‘Farmhouses are one of a kind’
Family appreciates character of century-old home
CALLENDER — For Aaron Newell, getting to live on his family’s farm means more than carrying on a family tradition. It’s the opportunity to live in a unique structure.
“Farmhouses are one of a kind,” he said. “They’re not cookie cutter. Some like modern houses; I have always grown up in a house with a lot of character, such as old woodwork.”
It is those types of features that an old house possesses that Newell has worked to keep as original as he could in the home he shares with his wife, Laurel, and their children, Mason, Lillian and Violet.
“I love the character. You can’t get that with a new house,” said Laurel Newell.
Due to the widening of doorways and the expansion of their home with a two-story addition put on in 2012, Newell has been fortunate to utilize woodwork he was able to salvage from other houses to help match the existing trim in their home.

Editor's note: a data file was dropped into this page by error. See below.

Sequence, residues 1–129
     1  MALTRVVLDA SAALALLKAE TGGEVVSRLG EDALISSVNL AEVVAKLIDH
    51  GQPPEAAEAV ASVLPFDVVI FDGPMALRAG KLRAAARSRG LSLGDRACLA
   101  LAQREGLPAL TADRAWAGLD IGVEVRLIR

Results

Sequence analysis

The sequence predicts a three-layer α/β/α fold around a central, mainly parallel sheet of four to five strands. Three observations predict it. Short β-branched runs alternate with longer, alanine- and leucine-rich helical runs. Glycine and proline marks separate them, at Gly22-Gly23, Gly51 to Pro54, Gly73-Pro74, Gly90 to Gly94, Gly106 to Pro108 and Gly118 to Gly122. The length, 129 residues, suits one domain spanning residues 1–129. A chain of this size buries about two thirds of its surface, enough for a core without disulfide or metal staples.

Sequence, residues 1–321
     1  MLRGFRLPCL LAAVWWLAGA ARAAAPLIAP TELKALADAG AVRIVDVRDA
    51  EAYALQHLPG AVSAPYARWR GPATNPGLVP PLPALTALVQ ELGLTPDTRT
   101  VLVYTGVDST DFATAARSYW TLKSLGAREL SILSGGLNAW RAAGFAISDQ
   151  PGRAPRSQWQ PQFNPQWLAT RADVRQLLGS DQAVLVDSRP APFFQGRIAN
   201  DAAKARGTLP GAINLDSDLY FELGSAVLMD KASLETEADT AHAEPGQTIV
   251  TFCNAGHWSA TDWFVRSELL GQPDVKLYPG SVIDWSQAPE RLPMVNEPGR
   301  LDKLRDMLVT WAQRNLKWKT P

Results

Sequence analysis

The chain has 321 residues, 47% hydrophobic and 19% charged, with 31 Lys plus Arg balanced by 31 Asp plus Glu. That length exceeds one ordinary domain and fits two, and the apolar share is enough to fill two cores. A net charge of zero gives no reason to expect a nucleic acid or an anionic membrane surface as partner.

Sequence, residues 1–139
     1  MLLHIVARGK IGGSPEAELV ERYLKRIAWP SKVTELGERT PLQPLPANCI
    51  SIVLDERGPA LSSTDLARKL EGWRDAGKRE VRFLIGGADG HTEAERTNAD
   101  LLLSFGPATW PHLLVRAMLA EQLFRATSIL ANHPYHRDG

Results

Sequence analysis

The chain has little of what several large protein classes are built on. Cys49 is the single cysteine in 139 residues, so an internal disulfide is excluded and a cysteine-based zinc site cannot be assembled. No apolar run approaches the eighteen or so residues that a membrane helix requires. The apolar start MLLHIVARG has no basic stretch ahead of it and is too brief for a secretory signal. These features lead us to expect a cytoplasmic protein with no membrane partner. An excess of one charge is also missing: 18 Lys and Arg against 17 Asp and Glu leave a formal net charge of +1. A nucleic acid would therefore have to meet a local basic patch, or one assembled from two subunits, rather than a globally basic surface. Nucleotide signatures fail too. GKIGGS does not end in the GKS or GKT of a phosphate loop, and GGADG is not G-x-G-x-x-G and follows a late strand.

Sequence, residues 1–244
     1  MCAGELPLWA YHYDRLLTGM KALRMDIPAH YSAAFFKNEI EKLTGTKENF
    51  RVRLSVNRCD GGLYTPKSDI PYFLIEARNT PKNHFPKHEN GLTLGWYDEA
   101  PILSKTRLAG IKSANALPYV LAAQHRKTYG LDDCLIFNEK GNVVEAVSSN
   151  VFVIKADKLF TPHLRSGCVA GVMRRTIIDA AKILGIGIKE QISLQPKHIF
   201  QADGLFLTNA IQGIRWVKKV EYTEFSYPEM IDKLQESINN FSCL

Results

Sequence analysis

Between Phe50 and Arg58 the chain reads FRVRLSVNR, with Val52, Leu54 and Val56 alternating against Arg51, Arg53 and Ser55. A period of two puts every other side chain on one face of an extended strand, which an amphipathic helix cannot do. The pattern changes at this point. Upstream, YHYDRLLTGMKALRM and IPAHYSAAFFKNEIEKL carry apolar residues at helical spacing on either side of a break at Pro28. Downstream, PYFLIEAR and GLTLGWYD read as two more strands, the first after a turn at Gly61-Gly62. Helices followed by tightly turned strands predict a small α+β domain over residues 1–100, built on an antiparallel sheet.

“I like to keep the woodwork original,” he said. “I have gone to several houses to take parts out in order to help match it up.”
The Newell’s home is actually two houses that have been put together. When they put on their addition, they worked to make sure it blended in, in order to keep the look of the farm house as original as they could.
The home was built after the Liska family purchased the ground in 1903.
“They lived in a sod house while it was built,” said Newell.
The Newell family purchased the farm in 1976. Newell’s grandparents, Glenn and Ila Mae Newell, lived on the farm for 10 years before his parents, DeWayne and Robin Newell, purchased the farm and moved there.
Aaron and Laurel Newell moved to the farm in 2012. Although Laurel had never lived on a farm, she appreciates country living.
“I prefer the country,” she said. “I love the space. It is beautiful out here and it’s a good place for the kids to grow up.”